February 14, 2018 at 12:01 am ET
Upstart Online Florists Find a Way to Flourish by Touting Social Responsibility
But a new poll suggests price could stifle consumer enthusiasm for buying domestically grown plants
With each Valentine’s Day season bringing in a flood of cut flowers from countries like Colombia and Ecuador, several U.S. retailers are furthering an eco-friendly trend within the $3.1 billion online flower delivery market by promoting an environmentally and socially responsible message as they offer product transparency and American plants.
But a Morning Consult survey shows that while many U.S. consumers support the idea of locally sourced stems, thus limiting the product’s carbon footprint, they’re generally not willing to pay more for them.
That doesn’t stop experts from predicting that the marketing trend will serve vendors well in the future, however, as consumer interest in environmentally conscious flowers is expected to grow.
Overall, the U.S. floral industry has been flourishing online, where retailers selling both cut flowers and live plants generated $3.14 billion in revenue last year, from $1.57 billion nine years ago, according to the market research firm IBISWorld. Revenue for the plant and flower industry as a whole was $13.6 billion in 2017, according to IBISWorld.
The Society of American Florists says imports account for 70 percent to 80 percent of flowers sold in the United States, and that figure is closer to 90 percent for roses.
As the online floral industry has expanded, it has made room for relative newcomers such as The Bouqs Company, founded in 2012, and Farmgirl Flowers, which opened in 2010, according to Anya Cohen, a research analyst at IBISWorld.
Those brands are among the larger upstarts and are savvy to what their audiences want, Cohen said, by casting themselves as socially responsible purveyors of plants.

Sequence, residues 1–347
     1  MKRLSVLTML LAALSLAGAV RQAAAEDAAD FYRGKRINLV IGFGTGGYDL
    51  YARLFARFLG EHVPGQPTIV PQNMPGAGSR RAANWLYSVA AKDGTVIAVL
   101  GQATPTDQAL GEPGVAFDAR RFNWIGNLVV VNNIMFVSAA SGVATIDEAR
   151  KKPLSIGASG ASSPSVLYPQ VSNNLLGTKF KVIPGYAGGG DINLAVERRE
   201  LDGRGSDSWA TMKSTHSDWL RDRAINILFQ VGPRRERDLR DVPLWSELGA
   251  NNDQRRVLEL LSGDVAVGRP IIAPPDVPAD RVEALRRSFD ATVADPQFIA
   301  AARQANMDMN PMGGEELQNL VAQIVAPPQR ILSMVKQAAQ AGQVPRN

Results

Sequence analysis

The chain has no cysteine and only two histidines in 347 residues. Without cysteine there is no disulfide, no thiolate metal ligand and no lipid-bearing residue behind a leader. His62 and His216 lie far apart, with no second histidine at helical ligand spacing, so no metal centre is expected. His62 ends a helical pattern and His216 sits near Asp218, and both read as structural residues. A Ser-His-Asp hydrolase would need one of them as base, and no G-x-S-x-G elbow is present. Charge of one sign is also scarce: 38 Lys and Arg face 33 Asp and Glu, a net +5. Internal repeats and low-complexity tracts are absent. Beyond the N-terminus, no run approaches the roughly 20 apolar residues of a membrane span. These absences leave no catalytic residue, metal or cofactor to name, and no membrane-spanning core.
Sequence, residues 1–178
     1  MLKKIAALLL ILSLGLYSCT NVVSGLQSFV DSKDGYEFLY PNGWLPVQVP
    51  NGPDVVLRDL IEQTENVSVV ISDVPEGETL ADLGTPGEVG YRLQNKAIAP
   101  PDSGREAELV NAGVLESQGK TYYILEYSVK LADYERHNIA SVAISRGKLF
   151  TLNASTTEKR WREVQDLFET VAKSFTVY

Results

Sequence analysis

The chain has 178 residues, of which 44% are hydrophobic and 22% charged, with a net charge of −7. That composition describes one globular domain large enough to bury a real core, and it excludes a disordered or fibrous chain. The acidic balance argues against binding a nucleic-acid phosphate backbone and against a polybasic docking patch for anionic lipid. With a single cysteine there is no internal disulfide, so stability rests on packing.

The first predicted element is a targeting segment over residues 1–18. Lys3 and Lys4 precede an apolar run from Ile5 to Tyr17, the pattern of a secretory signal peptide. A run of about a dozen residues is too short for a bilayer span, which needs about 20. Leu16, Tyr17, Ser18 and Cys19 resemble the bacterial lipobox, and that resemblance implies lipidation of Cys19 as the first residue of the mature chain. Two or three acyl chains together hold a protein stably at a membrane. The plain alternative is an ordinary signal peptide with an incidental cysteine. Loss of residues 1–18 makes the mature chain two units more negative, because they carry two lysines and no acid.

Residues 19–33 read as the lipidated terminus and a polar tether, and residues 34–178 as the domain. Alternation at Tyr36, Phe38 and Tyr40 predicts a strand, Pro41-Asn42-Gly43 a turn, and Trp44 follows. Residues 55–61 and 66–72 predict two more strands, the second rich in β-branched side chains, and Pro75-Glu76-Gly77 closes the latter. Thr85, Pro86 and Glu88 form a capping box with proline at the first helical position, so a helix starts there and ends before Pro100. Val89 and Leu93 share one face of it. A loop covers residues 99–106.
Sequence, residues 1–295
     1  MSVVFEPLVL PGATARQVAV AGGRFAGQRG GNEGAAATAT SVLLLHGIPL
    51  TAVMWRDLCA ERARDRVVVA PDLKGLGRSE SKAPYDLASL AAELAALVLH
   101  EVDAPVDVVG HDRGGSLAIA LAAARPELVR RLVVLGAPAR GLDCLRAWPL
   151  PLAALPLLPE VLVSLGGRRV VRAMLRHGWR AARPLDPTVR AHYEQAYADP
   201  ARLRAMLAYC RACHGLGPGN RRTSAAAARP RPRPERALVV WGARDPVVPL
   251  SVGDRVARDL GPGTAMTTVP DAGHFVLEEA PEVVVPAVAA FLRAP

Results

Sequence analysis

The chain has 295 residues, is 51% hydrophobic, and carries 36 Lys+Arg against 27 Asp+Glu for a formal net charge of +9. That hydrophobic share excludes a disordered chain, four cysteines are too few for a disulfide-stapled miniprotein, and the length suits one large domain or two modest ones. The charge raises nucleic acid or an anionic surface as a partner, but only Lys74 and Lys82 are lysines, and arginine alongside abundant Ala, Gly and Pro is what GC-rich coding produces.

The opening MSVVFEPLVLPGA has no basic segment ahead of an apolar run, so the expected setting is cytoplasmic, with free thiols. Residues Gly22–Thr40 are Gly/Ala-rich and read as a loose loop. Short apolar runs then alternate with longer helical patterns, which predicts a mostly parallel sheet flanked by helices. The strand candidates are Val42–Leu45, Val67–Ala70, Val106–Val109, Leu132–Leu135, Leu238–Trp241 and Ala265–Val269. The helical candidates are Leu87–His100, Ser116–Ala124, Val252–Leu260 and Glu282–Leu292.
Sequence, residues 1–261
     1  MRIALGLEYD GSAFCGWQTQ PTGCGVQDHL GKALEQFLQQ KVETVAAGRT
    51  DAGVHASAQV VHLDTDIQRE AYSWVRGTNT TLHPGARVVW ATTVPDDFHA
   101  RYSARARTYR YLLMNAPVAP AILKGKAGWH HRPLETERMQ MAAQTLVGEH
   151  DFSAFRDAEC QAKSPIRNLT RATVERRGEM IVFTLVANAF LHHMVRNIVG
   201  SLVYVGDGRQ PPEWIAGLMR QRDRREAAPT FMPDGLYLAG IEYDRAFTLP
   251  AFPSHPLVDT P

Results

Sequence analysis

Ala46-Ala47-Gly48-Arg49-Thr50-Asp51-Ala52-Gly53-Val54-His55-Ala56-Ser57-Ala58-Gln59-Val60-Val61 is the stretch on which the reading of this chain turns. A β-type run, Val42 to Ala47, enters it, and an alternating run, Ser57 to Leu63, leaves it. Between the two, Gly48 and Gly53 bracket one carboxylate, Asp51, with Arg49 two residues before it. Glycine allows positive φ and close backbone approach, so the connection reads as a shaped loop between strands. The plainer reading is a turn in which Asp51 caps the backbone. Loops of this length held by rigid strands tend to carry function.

“They’re responding to a bigger consumer trend by implementing it within the florist industry,” Cohen said in a Jan. 25 interview.
Both Farmgirl Flowers, which is based in San Francisco, and Los Angeles-based Bouqs offer domestically and internationally grown products, but they specify where their plants are grown and provide profiles of some of the farmers.
Delivery bouquets from boutique shops tend to cost more than at their larger, established competitors like 1-800-Flowers.com Inc., which is based in Carle Place, N.Y., and FTD Companies Inc. in Downers Grove, Ill.
A Valentine’s Day order of a dozen red roses, with a vase, sourced from a U.S. farm from Bouqs costs $87 before tax. An order from 1-800-Flowers.com Inc., which doesn’t specify the origin of the roses, costs $69.97 before tax.
Farmgirl Flowers said its customers don’t balk at higher prices for domestic flowers, noting that its “Grown in the USA Bouquet” sells well despite costing $10 more than comparable bouquets on the site. But the company had to transition from using solely U.S. farms to adding foreign growers because it lacked adequate supplies at home.
Many U.S. adults, regardless of age, embrace the idea of buying American when it comes to flowers, according to a Morning Consult poll of 2,201 consumers conducted Feb. 1-4.
A 44 percent plurality said they prefer locally sourced flowers when purchasing bouquets. Ten percent said they didn’t have that preference, and 37 percent said it makes no difference. The poll has a margin of error of plus or minus 2 percentage points.
But consumers are more hesitant when it comes to paying more for such buds. Thirty-nine percent of respondents said they would not pay more for locally sourced flowers, compared with 34 percent who said they would.
Consumers who were most willing to pay a premium for locally grown bouquets were in the 30-44 age group. Forty-one percent said they would pay more; 34 percent said they would not.
“We simply couldn’t get enough flowers to allow us to continue to grow,” Farmgirl Flowers Founder and Chief Executive Christina Stembel said by email Feb. 8.
When asked about its financials, the privately held company pointed to a Forbes article from December that said it was expected to generate $15 million in revenue in 2017.
In a Feb. 12 email, Bouqs founder and CEO John Tabis declined to reveal the privately held company’s financials, but said he believes the floral industry is “going more in the direction of what our mission is — more de-commoditizing of the industry as a whole, more involvement of responsible growers and more transparency in sourcing.”
Representatives for 1-800-Flowers.com and FTD did not respond to requests for comment on the state of the industry.